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Global Migration & the New Cosmopolitanism

The global expansion of migration has ushered in major social and economic changes, as well as profound ethical challenges concerning how citizens are to coexist in pluralistic societies. The challenge of migration and social pluralism is a matter of public ethics and citizen socialization as much as it is economic development and formal political representation. Secular and religious actors have a pivotal role to play in the construction of the terms for this pluralist citizenship. Devising and socializing a public ethics and practice of citizenship capable of responding to migration and the new pluralism is one of the central political and ethical challenges of our age.


Over the past generation the unprecedented expansion of migration to Western countries has coincided with the global revitalization of religion. These two developments have raised deep questions about received values and practices of pluralist co-existence in Western societies—questions that are likely to remain at the heart of political and social debate in Western societies for some years to come. Read the full article »


Following the launch of the latest Contending Modernities publication “Making Multiculturalism Work”, a range of politicians, scholars and journalists have engaged with the findings of author David Barclay of the Contextual Theology Center. Here, Barclay outlines reaction to the report. Read the full article »


The business of creating a more practical multiculturalism and overcoming the challenges presented by diversity is more complex than it first seems. My research set out to investigate how projects in the UK are bringing diverse groups together and forming what Harvard scholar Danielle Allen has called ‘political friendships’ across difference. Dialogue is all very well, but without tangible common action it is hard to create any sense of shared destiny. The future success of multiculturalism will not be won by lofty new theories or more debates on national identity, but by encouraging real relationships at a grass roots level between people of every background and belief. Read the full article »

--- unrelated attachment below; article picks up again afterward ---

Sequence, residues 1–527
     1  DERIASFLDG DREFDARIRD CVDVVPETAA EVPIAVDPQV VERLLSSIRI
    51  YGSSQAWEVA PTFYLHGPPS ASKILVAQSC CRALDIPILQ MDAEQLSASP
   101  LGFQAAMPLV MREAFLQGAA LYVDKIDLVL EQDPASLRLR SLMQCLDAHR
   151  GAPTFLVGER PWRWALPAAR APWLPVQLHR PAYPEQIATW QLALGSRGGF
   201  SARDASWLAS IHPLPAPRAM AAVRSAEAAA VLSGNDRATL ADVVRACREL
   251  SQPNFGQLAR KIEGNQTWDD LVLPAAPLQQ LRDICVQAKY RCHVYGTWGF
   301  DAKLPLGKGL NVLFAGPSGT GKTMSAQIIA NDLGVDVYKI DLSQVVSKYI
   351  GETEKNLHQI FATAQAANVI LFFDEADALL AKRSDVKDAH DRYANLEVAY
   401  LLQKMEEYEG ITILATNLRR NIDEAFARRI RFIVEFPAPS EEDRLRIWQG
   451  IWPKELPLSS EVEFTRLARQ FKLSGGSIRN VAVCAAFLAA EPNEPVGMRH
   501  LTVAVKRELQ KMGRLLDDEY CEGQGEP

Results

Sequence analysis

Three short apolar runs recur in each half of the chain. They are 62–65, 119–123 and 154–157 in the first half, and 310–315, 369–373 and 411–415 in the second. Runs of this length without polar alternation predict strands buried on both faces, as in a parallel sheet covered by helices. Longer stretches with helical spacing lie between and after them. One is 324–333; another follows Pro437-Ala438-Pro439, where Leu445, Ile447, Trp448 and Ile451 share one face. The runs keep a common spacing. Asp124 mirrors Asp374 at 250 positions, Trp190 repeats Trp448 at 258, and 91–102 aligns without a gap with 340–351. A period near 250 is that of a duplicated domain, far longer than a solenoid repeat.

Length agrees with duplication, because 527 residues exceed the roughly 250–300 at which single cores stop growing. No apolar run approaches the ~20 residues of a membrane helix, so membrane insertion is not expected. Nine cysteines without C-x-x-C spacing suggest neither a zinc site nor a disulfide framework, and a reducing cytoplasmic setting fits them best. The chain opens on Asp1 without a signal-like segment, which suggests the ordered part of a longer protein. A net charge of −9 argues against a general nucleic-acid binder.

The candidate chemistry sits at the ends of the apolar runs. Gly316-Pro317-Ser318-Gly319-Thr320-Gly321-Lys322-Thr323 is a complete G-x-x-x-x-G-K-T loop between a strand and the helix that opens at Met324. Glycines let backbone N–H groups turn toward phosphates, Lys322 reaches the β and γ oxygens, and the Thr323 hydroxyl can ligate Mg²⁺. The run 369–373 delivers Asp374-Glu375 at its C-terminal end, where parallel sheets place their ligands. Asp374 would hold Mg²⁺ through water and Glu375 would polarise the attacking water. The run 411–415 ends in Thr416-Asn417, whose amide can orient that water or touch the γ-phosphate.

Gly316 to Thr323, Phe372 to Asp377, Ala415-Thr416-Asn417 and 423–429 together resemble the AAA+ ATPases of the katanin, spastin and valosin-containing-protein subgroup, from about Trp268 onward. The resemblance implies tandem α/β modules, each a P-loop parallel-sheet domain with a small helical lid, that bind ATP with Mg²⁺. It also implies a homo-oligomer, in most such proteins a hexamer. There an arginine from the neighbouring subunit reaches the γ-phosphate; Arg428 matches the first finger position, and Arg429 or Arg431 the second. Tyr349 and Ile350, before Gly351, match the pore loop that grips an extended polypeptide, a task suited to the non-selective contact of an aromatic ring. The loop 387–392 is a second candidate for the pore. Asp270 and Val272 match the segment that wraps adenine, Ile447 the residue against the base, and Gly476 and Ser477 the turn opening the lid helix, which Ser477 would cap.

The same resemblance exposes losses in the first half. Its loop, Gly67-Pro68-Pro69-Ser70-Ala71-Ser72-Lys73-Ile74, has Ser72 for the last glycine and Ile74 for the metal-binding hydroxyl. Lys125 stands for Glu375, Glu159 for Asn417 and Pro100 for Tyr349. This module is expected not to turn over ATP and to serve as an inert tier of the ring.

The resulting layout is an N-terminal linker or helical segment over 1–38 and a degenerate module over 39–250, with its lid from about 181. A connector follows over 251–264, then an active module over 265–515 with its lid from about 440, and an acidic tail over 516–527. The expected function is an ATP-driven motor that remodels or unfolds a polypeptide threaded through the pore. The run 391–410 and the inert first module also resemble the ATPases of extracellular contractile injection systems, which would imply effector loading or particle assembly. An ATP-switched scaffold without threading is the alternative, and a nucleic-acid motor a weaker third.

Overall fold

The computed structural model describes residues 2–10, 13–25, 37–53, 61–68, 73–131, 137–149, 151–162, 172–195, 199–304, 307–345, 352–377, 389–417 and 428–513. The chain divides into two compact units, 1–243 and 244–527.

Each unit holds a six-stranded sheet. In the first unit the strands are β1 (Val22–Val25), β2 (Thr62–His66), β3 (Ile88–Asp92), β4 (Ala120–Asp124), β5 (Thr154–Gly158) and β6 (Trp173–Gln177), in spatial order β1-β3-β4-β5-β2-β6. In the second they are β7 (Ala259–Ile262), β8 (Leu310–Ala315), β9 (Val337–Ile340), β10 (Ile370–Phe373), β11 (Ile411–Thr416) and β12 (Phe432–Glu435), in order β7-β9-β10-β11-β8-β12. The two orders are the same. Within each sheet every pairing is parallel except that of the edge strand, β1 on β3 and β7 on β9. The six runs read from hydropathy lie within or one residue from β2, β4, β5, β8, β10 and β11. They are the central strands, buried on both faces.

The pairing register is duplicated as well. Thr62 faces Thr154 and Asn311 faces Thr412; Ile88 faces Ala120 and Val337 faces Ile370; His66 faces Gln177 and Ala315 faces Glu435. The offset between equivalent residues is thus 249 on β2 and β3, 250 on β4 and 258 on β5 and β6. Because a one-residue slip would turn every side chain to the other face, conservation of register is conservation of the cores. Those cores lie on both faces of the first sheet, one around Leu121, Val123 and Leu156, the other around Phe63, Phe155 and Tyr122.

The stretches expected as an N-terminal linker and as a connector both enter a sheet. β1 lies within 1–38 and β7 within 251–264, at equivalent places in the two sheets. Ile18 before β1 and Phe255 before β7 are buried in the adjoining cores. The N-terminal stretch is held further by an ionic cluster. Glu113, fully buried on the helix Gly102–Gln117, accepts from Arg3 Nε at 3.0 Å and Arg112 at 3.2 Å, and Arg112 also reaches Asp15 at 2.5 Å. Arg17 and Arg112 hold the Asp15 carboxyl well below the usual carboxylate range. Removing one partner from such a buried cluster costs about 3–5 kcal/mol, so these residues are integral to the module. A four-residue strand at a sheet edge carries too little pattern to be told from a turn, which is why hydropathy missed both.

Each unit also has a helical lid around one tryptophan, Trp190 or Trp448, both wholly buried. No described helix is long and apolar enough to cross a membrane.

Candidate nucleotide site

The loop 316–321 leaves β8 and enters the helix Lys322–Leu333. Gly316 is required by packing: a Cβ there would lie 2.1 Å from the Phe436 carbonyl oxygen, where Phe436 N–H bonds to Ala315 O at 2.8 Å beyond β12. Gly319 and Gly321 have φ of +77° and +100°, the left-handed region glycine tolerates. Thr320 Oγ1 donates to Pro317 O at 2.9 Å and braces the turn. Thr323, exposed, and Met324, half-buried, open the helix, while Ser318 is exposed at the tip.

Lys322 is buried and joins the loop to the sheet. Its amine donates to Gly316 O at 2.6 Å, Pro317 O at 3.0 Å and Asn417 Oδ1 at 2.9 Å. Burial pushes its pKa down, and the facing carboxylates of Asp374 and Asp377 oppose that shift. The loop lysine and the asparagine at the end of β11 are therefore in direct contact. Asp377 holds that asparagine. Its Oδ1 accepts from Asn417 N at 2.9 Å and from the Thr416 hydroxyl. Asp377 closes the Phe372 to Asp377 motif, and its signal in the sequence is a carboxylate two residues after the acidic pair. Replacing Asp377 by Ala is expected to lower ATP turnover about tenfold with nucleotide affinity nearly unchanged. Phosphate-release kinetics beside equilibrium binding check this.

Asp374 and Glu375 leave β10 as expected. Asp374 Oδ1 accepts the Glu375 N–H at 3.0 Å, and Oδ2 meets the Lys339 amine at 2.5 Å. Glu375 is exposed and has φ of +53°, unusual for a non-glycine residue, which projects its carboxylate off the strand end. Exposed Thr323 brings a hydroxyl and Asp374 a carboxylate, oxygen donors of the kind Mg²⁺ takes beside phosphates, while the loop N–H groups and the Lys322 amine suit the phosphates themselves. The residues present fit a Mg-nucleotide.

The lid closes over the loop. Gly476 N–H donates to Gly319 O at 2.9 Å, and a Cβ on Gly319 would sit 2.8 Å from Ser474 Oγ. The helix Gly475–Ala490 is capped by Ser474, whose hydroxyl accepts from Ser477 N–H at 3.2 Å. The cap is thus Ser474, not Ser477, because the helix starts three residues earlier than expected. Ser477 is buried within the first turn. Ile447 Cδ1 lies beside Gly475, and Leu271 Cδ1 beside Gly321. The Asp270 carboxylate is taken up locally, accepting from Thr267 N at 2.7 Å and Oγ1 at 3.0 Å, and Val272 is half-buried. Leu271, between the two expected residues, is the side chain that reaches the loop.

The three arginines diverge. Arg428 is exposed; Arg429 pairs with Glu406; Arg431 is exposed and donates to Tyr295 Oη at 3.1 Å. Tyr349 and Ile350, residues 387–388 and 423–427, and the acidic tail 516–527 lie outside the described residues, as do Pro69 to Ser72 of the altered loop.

The experiences of Christian, Muslim and Secular leaders involved in Community Organising in East London highlight the importance of learning from and accepting otherness. Although they have differing worldviews, they are able to compromise and work together for the common good in their community. However, the congregating of these values is not without its compromise and tension. Read the full article »


The Contending Modernities Global Migration working group is pleased to announce an interdisciplinary conference to be held in London, UK on 14 & 15 October 2013 - The New Cosmopolitanism: Global Migration and the Building of a Common Life. The conference grows out of the working group’s research project in London, which focuses on the ways that broad-based community organizing enables secular and religious citizens to build a common life. The conference will bring this research into dialogue with a wide range of theoretical and empirical research on the role of faith in public life in pluralist and culturally diverse societies. Read the full article »


Community organising has significant potential for redressing low levels of democratic participation - through processes which actively engage citizens, encourage integration, and allow the voices of all individuals to be heard at local, national and international levels. My experience of engaging members of London’s Congolese diaspora in community organising has highlighted the increasing demand for both intentional processes of integration, and the opening of spaces within which citizens can actively engage in public life. Read the full article »


The ambition of Contending Modernities is to bring academic research into dialogue with policy-making and grassroots practice. Its east London research project - with the Contextual Theology Centre (CTC) - is focused on the ways that community organising enables diverse communities to work together to discern and promote a common good. As well as producing research papers, it is generating a number of resources for the wider community. Read the full article »